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Clinical Question: When should patients be allowed to eat in the Emergency Department?

In Clinical Questions by Edward FengLeave a Comment

You have just finished seeing a 12-year-old boy who fell off the monkey bars about an hour ago. He has an obvious deformity to his right elbow and you suspect a displaced fracture that will require reduction. You would like to use procedural sedation to facilitate the reduction, but an empty granola bar wrapper stops you in your tracks. “We missed dinner rushing here and he couldn’t resist,” his mom says. Staring at …

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Hyperthermic Conditions in the Psychiatric Patient

In Infographics by Edward FengLeave a Comment

A 32 year-old female presents to your Emergency Department one afternoon with the presenting complaint of altered level of consciousness.  On examination you find her to be agitated and confused, as well as tachycardic and febrile at 39.5o C.  Collateral history from EMS is negative for any substance misuse.  When reviewing her chart, you find that she has recently been started on Risperidone for her schizoaffective disorder… Fever vs Hyperthermia It is important …

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Clinical Question: What is the Role of Contrast in Abdominal CT for Adult Patients presenting with Acute Abdominal Pain?

In Clinical Questions by Edward FengLeave a Comment

Clinical Question: Role of Contrast in Abdominal CT for Adult Patients presenting with Acute Abdominal Pain A 73-year-old male presents to your Emergency Department with vague LLQ abdominal pain. Your differential includes stones/pyelonephritis, diverticulitis, obstruction, and neoplasm. You want a CT scan to assist in diagnosis. A colleague mentions you need oral contrast to diagnose obstructions, and intravenous contrast to diagnose diverticulitis but intravenous contrast hinders the diagnoses of stones. What is the …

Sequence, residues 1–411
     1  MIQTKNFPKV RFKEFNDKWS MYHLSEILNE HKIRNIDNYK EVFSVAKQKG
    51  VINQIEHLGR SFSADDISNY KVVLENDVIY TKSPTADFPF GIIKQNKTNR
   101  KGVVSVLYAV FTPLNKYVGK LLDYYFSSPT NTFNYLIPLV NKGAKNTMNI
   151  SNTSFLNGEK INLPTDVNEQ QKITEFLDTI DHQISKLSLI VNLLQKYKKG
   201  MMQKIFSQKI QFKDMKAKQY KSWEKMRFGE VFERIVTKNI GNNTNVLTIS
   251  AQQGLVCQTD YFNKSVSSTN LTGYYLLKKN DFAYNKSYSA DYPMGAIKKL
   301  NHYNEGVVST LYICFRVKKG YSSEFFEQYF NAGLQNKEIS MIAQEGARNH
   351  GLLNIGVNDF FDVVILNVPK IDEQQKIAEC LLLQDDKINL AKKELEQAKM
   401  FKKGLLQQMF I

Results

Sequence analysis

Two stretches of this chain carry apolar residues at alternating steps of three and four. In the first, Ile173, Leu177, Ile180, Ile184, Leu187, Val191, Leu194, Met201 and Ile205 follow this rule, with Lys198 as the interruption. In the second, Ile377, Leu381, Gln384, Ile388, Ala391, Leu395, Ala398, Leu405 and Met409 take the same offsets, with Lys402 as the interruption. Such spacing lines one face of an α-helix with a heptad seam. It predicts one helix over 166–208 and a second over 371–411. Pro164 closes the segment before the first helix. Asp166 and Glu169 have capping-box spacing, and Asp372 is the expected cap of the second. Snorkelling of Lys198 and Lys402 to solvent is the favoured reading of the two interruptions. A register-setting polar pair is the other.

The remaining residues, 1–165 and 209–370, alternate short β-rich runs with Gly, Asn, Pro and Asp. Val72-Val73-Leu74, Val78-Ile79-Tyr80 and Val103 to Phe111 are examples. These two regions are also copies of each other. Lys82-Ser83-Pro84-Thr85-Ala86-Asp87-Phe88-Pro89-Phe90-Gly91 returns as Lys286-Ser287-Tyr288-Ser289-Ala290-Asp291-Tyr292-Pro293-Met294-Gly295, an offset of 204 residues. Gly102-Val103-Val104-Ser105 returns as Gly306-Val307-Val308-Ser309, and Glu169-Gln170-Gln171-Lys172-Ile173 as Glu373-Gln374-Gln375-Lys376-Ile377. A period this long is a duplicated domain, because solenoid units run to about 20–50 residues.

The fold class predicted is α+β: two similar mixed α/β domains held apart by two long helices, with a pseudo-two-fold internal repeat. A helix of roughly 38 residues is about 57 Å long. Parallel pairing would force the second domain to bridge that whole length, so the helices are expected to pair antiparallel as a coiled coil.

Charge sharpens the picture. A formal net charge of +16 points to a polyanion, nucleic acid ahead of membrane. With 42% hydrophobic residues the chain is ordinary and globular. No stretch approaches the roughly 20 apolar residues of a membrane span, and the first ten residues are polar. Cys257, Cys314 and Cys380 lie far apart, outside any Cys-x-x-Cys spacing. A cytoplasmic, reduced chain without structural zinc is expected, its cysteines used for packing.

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Methoxyflurane- an alternative to opioid and NSAID analgesia in the Emergency Department?

In Medical Concepts by Edward FengLeave a Comment

Introduction Methoxyflurane, also known as Penthrox, is an inhaled analgesic that was first used in the early 1960s for general anaesthesia.​1​ While initially popular, reports of serious side effects including hepatotoxicity and irreversible dose-dependent nephrotoxicity led to its reduced usage as a general anesthetic by the 1970s.​2​ Nevertheless, due to its non-opioid nature and short half-life, methoxyflurane has found new life as a short acting analgesic for moderate to severe pain in several …

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Introducing the CanadiEM Newsletter

In Featured by Edward FengLeave a Comment

The CanadiEM team is excited to bring you a newly minted newsletter!  This regular feature will exhibit a handful of topical CanadiEM articles in a digestible format for your consumption.   We will be curating posts and infographics both past and present to highlight excellent content that you might have missed. To subscribe, simply click the link or follow the prompts on our home page.  Our first issue is included below.  We’re always …